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DBNF Volunteering part 2

Sunday: October 15, 2017

This is the second part about volunteering down at the Daniel Boone National Forest with my friend Matt, who is the Cumberland District archaeologist. You can start at the beginning of the story here.

After we had reported our bear incident, we had to go through bear spray training and were issued bells and spray. “Get outta here bear!” became our motto.

The last time Rachel and I went to monitor rockshelters was amazing. We faced our fears, though they were intense. So intense, in fact, that I sometimes felt claustrophobic between the dense underbrush and tree falls – or, at least, I think that must have been what I was feeling. So intense, that we began to question our sanity. Three hours in, hiking a slow trek up a hill through some awful tree falls and thick undergrowth, having reached the base of the last bit before the shelter, we stopped to ask ourselves, are we stupid?

Is it stupid to go up into this creepy looking shelter that is so vegetated there is no escape? Is it stupid to trek out in the woods when we know there are bears? Or, is it stupid to presume that we would run into another bear? Maybe we were being too cautious? Which was it?

As supervisor, I knew it was my call. It wasn’t just about my own fear – I honestly had to look out for the well-being of the person in my charge. So we played a game: hold one hand up, hiding the other. With the other, hold out one finger to go up, and two fingers to return to the truck. On the count of three! One – two – three! … We both opted to return to the truck! How shameful. We laughed. But, I knew we could do it, we just needed encouragement, to be sure we weren’t being stupid by going back in.

Rachel opted to phone-a-friend and called her dad. Unfortunately, he did not answer. I gave up any hope trying to figure this one out on my own, so I, too, opted to phone-a-friend and called Boy. He’d be the most angry one anyway if I wound up dead by a bear and I knew better, right? He had a client in the office so he couldn’t talk but I think he could sense my urgency when I sort of ignored that and plodded on with my question. “Are we stupid for going up, or are we stupid for going back?” His answer? “You gotta face your fears. Go in!” And so we did.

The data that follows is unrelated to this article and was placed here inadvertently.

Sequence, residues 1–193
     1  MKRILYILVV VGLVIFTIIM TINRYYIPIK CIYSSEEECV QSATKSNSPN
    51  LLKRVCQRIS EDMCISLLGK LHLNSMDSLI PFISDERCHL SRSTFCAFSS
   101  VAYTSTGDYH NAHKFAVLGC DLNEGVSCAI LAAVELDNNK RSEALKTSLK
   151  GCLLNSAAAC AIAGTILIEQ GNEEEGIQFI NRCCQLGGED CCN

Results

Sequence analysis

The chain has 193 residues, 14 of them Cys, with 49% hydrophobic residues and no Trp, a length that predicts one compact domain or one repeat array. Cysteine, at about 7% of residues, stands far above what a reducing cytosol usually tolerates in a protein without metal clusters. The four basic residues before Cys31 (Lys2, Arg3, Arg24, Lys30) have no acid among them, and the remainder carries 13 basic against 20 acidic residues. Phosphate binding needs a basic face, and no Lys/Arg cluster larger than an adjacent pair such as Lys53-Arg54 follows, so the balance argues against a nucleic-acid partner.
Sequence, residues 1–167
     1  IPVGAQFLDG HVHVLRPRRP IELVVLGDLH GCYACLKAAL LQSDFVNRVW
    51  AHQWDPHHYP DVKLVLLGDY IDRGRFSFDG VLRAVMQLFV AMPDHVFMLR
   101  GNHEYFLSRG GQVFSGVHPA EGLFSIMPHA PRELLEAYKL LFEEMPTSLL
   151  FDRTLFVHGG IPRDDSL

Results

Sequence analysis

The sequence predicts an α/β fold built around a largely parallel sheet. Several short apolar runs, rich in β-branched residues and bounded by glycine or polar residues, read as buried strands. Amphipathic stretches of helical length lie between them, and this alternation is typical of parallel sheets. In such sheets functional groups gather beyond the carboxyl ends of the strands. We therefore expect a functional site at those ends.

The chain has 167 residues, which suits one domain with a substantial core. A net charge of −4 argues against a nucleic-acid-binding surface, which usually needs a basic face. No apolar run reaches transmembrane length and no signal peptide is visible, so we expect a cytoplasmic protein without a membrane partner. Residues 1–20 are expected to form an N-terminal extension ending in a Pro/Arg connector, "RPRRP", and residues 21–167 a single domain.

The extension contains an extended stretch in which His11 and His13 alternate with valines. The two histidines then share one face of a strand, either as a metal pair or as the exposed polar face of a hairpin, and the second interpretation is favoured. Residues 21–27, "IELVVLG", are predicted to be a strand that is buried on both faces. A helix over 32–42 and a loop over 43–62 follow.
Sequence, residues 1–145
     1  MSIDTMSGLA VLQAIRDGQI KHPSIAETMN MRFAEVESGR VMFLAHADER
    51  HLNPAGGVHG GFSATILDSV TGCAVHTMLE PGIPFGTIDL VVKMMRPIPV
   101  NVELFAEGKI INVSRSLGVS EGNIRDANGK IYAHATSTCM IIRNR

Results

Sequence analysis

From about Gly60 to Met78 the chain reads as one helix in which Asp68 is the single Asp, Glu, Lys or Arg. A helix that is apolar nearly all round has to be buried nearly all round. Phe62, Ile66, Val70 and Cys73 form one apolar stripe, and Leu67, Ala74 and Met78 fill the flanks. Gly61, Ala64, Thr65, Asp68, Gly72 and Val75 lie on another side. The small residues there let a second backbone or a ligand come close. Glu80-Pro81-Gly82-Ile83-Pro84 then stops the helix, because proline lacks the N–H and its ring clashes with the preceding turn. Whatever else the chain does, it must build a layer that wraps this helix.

And we found the largest rockshelter I had yet seen. This thing was massive. We were still a wee bit frightened, here and there, and especially when it was time to go back into the thick of the forest. But intermittently, we shouted “Get outta here bear!” or “You don’t scare me!” and things of that nature. Being that we were in the shelter, I am sure our voices carried far and curious visitors rolled their eyes at our disturbance of peaceful nature. But we remained alive and bear free, so ner!

And on our way back, we wanted to find an easier route. Three hours through brush was not ideal, and we needed to get back to the station at a particular time before they closed just in case an emergency did pop up. We went all the way down to the creek from the shelter then followed it back to the truck – in fact, there was a trail there. In fact, it was beautiful and serene and mystically gorgeous. In fact, it took a piddly thirty minutes to get back to the truck. WHAT?! So, that information certainly went into our notes. Had we known about that way, we could have monitored the second shelter before returning. Matt said that is just how these things go sometimes. Oh well!

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